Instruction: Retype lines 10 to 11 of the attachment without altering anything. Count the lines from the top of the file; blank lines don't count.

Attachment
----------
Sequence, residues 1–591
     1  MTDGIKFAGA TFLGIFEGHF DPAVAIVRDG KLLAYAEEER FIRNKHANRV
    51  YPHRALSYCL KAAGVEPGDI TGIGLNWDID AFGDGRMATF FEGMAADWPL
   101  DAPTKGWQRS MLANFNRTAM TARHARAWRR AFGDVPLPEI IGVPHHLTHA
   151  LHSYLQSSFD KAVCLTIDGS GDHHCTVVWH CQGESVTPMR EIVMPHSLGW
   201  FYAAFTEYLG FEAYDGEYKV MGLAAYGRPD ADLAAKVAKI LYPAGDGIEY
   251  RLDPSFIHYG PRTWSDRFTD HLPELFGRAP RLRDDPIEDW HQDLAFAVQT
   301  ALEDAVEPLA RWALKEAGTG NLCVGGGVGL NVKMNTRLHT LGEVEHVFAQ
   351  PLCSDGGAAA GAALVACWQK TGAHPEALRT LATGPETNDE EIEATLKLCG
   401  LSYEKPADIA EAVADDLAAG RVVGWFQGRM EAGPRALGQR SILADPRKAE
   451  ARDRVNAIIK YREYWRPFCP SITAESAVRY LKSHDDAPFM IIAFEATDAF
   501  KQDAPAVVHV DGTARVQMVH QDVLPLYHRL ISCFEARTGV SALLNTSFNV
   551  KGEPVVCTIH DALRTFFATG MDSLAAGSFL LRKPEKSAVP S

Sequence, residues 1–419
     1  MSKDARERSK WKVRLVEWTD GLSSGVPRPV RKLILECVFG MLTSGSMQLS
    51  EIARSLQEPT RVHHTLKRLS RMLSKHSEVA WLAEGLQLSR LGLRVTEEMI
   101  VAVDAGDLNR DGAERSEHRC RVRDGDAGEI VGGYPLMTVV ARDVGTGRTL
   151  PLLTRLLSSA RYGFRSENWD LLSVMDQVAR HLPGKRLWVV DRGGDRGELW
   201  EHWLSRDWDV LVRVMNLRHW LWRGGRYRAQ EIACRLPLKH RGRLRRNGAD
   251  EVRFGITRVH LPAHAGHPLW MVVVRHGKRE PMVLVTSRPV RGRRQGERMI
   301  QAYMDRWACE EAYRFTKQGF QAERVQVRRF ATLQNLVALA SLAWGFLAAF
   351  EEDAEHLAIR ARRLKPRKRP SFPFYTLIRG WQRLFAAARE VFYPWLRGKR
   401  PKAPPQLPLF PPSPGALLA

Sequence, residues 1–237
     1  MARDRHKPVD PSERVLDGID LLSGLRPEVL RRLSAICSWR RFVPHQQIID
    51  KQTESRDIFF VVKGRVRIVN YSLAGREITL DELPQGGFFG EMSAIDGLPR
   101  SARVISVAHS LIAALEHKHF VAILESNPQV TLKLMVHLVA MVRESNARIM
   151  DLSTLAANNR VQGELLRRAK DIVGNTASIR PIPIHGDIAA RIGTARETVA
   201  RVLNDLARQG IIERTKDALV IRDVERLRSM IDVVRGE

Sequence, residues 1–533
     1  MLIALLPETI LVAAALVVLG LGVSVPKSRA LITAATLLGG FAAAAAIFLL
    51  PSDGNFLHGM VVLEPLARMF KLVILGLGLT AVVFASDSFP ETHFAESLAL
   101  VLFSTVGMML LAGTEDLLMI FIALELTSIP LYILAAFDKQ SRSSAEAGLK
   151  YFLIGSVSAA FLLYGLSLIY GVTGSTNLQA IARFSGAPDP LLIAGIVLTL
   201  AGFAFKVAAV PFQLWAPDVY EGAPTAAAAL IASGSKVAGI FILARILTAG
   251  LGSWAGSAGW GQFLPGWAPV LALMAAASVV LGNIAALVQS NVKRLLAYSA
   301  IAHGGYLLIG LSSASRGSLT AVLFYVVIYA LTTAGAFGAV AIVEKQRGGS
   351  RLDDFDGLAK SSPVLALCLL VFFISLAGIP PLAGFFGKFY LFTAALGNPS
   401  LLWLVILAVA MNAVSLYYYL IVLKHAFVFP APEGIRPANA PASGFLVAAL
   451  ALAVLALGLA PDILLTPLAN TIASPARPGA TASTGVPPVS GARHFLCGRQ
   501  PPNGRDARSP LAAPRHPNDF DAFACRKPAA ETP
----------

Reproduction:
   401  LSYEKPADIA EAVADDLAAG RVVGWFQGRM EAGPRALGQR SILADPRKAE
   451  ARDRVNAIIK YREYWRPFCP SITAESAVRY LKSHDDAPFM IIAFEATDAF